Facebook returns to its roots with Groups for Schools

Facebook will alert students when their college joins Student Groups.

Facebook has a peace offering for every college student who resents the social media giant for opening the site to their parents: new pages known as Student Groups that will only be accessible for Facebook members with official “.edu” eMail addresses.

In a throwback to the nascent days of the world’s most popular social networking website, Facebook announced April 11 that its newest feature, Student Groups, would create specific pages that could only be joined by students or faculty members from that campus.

Students will be able to share files—including lecture notes, schedules, assignments, and photos—on their university Facebook page. Students who register on their college or university Student Groups page can communicate with group members without being their friend on Facebook.…Read More

RIAA asks court to close down LimeWire

The music industry has asked a federal court in New York to order a shutdown of the LimeWire file-sharing service, CNET reports. Lawyers working for the Recording Industry Association of America, the trade group for the four top record companies, filed documents on June 4 requesting that a U.S. District Court in Manhattan grant them a permanent injunction against the country’s largest commercial file-sharing service. “Every day that Lime Wire’s conduct continues unabated guarantees harm to plaintiffs that money damages cannot and will not compensate,” RIAA lawyers wrote to U.S. District Judge Kimba Wood. “The scope of the infringements that Lime Wire induced … boggles the mind.” Last month, Wood granted summary judgment in favor of the music industry’s claims that Lime Group and founder Mark Gorton committed copyright infringement, engaged in unfair competition, and induced copyright infringement. According to legal experts, Wood’s decision was probably “fatal” for the nearly 10-year-old file-sharing service…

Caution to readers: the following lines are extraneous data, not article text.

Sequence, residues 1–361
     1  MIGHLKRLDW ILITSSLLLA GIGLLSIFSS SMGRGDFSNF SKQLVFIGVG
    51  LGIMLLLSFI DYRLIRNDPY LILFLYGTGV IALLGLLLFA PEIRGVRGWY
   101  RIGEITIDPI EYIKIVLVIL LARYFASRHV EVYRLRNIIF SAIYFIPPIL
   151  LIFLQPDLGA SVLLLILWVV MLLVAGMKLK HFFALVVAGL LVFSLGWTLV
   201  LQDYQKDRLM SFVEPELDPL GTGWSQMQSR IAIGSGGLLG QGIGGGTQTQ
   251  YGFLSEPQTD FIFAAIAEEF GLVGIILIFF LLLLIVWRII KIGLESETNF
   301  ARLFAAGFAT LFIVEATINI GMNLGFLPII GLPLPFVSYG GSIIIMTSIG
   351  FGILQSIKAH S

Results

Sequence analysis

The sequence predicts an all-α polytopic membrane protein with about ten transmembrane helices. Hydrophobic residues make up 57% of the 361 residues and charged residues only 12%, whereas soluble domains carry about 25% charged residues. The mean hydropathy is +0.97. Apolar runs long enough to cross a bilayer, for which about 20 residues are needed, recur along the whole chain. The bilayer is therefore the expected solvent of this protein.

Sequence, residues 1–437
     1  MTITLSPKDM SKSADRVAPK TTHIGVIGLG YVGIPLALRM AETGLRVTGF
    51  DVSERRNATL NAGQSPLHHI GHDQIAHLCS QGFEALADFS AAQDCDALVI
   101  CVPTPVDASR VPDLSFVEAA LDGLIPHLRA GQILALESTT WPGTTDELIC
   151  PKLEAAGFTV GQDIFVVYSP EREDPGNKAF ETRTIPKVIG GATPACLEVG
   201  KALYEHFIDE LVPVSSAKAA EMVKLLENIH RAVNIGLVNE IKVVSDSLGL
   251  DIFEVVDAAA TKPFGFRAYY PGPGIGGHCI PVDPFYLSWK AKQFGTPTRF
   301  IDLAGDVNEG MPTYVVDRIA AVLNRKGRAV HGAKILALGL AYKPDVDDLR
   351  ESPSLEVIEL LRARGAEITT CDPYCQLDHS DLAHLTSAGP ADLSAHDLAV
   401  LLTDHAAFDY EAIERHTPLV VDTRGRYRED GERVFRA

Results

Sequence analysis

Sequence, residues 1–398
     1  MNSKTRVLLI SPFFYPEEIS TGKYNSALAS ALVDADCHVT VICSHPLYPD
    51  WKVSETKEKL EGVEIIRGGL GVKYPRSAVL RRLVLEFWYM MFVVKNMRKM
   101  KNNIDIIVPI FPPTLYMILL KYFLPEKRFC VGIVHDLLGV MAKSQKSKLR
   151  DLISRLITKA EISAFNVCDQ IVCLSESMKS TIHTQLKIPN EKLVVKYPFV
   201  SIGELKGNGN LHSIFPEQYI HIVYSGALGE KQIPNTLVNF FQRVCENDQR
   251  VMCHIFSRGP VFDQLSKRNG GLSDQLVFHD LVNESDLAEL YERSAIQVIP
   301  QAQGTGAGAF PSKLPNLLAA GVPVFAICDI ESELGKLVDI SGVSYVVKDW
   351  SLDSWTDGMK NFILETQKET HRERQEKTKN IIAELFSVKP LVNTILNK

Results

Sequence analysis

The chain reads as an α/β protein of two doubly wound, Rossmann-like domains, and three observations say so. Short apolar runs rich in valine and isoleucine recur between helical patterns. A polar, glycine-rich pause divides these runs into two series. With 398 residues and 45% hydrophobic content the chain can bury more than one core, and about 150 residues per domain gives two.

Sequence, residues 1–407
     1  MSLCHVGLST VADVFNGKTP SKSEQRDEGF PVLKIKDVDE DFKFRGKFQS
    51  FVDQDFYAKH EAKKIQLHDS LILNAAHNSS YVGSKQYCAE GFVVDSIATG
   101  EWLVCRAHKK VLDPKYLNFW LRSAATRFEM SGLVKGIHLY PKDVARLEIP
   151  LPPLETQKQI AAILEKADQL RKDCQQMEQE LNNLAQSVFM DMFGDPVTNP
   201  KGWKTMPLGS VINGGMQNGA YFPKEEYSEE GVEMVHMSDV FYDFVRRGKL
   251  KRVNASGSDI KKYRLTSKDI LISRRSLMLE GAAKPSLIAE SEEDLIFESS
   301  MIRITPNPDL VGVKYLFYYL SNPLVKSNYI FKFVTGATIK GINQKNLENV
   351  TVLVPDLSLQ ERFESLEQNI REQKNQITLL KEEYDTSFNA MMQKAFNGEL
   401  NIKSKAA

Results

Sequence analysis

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Schools fall victim to P2P security breaches

Sharing files over unsecured P2P networks can result in data breaches.
Sharing files over unsecured P2P networks can result in data breaches.

Peer-to-peer file sharing in schools and colleges has come under scrutiny again after a Federal Trade Commission (FTC) probe turned up massive security breaches that made student grades, Social Security numbers, and medical records accessible to anyone connected to the peer-to-peer networks at several institutions.

The FTC sent letters to 100 schools and companies Feb. 22, warning them of data breaches that made sensitive information vulnerable to an unknown number of people on open P2P networks.

P2P networks, when working correctly, allow groups to share information online, such as software, music, videos, and documents. The openness of these networks, however, can leave sensitive data available to people who are supposed to be barred from seeing that information if the file-sharing software is not configured properly.…Read More

UCLA partners with Clicker to fight campus file sharing

Students at UCLA don’t have to rely on illegal file-sharing sites to get their fix of online TV anymore, reports the New York Times, thanks to a new partnership with Clicker, a programming guide for online TV content that launched in November. Through this partnership, UCLA students soon will be able to use a co-branded version of Clicker that will give them convenient access to student-generated content, university-generated content, and regular online TV content and music videos from services such as Hulu. The service indexes TV shows from most American broadcast and cable networks, as well as web originals. UCLA students also will be able to access proprietary UCLA content, including videos of lectures and university events. Clicker currently indexes more than 400,000 episodes from more than 7,000 different TV shows. One organization that’s happy about this new collaboration is the Motion Picture Association of America. The organization said it applauds Clicker and UCLA “for fostering a campus culture that respects creativity and supports the livelihoods of the millions of people across the United States and around the world who create the movies and TV shows that we love, and for helping to ensure that these great jobs will be there for future college graduates.”

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